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Mortgage holders to unite in fight for reform

New Beginning is spearheading an intiative to bring together groups and individuals concerned about mortgage defaulting in Ireland – with a spokesperson saying it will bring power in numbers.

MORTGAGE HOLDERS AND groups looking after their interests are to come together to unite in a fight for reform.

The national group, which is being led by New Beginning, is to focus on forcing action on the mortage distress experienced by thousands of homeowners in Ireland.

David Hall, spokesperson for New Beginning, which is spearheading the group, explained to

It is very clear to us that there is a significant imbalance in the process involving the banks and the borrower and the only way it can be rebalanced is by borrowers coming together. We have decided to arrange a grouping of people from all over the country – organisations and individuals. Our belief is we are stronger as a group standing together rather than doing things individually.

The plan of action is to rebalance the power that is there at the moment and give borrowers some sway, he added.

They plan to lobby the financial regulator and Central Bank about issues and they will campaign for legislation to better protect borrowers.

It is clear the Germans are running the country and the banks have been very clear with that and leading ministers in relation to telling them what to do.
We believe there is a strength in numbers and that hasn’t been achieved yet.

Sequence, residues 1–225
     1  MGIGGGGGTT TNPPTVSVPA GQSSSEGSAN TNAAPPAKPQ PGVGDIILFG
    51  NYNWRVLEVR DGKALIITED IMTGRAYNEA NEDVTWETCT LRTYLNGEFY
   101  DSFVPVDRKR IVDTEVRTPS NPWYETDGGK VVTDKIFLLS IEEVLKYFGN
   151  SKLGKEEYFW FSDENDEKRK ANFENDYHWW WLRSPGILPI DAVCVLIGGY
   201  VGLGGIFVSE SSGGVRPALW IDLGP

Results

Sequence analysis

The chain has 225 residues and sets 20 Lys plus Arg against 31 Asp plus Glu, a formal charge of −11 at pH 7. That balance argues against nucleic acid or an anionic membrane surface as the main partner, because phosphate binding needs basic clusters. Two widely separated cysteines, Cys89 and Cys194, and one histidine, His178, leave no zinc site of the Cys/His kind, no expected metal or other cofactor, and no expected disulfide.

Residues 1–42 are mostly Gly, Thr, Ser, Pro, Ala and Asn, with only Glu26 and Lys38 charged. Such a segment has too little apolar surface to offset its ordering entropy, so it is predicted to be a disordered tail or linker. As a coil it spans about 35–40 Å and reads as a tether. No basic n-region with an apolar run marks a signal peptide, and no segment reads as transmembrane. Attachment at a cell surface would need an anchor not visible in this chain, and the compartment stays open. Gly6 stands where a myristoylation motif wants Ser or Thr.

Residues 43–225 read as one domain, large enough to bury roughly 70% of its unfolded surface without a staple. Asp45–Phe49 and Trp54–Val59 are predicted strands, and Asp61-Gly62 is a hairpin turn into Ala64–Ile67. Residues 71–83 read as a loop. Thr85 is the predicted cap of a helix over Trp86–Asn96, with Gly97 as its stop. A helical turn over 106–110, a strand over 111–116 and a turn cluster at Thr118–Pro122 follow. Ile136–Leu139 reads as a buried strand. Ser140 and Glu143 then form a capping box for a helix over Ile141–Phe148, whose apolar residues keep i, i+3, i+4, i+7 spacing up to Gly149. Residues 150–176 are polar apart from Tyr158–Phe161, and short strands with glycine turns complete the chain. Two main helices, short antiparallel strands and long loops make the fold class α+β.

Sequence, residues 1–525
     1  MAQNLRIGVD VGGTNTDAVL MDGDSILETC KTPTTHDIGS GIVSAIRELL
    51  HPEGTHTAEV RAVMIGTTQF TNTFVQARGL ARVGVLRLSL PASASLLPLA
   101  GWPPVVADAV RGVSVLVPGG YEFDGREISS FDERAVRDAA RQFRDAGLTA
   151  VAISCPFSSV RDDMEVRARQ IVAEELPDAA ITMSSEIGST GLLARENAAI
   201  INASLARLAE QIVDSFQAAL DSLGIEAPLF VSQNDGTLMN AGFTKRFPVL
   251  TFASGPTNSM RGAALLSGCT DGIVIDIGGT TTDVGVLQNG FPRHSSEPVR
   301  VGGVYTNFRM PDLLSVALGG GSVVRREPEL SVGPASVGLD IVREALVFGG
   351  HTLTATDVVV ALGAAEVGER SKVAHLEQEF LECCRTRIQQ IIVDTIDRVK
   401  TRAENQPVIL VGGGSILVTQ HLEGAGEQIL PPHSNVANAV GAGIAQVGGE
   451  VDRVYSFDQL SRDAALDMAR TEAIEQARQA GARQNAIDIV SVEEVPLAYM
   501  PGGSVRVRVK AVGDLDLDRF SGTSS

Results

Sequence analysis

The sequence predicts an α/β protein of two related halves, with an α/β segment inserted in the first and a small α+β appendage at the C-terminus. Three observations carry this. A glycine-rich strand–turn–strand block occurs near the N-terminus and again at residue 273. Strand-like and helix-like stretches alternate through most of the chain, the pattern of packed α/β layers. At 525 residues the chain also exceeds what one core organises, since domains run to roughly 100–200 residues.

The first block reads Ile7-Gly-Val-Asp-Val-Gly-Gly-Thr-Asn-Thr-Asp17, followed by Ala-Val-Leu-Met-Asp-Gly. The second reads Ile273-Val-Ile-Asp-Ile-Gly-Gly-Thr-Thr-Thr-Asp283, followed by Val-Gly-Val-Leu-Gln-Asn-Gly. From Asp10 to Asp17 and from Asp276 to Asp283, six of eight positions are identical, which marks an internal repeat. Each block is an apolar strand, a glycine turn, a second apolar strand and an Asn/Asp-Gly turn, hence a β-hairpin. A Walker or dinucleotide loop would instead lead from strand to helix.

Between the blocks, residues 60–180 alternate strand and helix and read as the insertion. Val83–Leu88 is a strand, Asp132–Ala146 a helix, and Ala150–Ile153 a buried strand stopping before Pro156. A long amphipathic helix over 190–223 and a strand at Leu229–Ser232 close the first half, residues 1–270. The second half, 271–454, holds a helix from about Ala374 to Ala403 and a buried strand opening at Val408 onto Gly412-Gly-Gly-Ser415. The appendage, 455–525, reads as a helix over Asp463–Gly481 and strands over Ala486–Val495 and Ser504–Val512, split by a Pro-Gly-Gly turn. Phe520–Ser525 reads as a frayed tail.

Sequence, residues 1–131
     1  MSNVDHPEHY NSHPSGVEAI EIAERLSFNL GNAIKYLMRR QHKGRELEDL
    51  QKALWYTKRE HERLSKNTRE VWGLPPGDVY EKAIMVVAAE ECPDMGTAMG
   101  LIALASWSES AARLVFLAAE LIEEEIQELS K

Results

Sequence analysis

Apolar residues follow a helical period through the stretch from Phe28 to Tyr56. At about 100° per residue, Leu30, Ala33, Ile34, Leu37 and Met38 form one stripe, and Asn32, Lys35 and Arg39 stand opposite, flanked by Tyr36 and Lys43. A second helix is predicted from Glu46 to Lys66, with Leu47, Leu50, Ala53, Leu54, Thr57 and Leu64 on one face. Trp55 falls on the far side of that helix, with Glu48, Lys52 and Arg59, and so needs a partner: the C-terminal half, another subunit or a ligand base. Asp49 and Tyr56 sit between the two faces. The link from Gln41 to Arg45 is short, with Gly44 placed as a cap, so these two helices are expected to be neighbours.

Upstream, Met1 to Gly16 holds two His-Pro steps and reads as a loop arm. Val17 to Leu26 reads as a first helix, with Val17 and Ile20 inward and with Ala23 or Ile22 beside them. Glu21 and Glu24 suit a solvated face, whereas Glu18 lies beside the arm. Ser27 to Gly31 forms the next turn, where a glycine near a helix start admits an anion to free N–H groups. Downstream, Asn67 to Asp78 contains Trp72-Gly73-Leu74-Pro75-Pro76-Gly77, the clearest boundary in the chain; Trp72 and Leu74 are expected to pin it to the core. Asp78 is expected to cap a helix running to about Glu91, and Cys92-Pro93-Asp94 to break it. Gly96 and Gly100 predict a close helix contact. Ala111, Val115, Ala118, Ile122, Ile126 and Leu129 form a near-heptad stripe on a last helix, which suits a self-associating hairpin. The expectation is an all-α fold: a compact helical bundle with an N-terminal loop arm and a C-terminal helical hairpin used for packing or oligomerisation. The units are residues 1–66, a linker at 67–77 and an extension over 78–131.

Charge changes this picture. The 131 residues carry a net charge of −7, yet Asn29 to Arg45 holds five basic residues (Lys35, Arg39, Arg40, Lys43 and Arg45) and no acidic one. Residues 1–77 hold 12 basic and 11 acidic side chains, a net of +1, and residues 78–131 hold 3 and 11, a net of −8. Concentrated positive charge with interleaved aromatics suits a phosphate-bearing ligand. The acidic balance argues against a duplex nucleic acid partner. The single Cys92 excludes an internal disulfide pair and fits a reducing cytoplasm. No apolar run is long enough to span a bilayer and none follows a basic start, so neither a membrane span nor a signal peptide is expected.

Interested groups will meet over the next six weeks to discuss their progress and expressions of interest.

Hall said that New Beginnings had received a large amount of emails expressing interest in recent days.

He cautioned that the as-yet-unnamed group would do “nothing that is going to harm the economy – it is simply something that people will band together and will be strong and united as a group”.

Hall said that there are “lots of vulnerable people” dealing with the banks and that New Beginnings is inundated with requests, which has fuelled the need for discussions with other organisations.

He said there are high levels of frustration and that there are people who don’t even understand what the current process is but are dealing with banks.

The biggest difficulty and biggest challenge is that the right thing to advise people to do is to engage with their financial institutions. But in the back of your mind you are worried – is the person going to get a fair treatment?

“It is a very dangerous and serious state of affairs,” said Hall.

He said the fact that a number of banks had told the Minister for Finance that they would not pass on the interest rate cut was “very disconcerting and very concerning”.

He said that the group would have a “damn sight better chance” of achieving things together rather than separately, adding “the government are doing nothing”.

“We have to turn to each other and try and group and stand together. Public groupings are very powerful. Politicians will jump ship if they think their own seat is in jeopardy,” he pointed out.

He said the only real way to affect change is to bring the power to the people and have a proper coherent discussion.

The State has a responsibility to its people in the first instance and Europe second. Europe should not take precendence over Irish citizens.

According to the most recent figures from the Central Bank, 100,000 homeowners in Ireland are experiencing mortgage difficulties.

Read: Noonan: Mortgage measures will help families ‘break shackles’ of debt>

Read: More than 100,000 households now in morgage difficulties>

Read: Gilmore urges other banks to follow AIB with rate cut>

Read: Government may ‘take action’ against banks not passing on mortgage cut>

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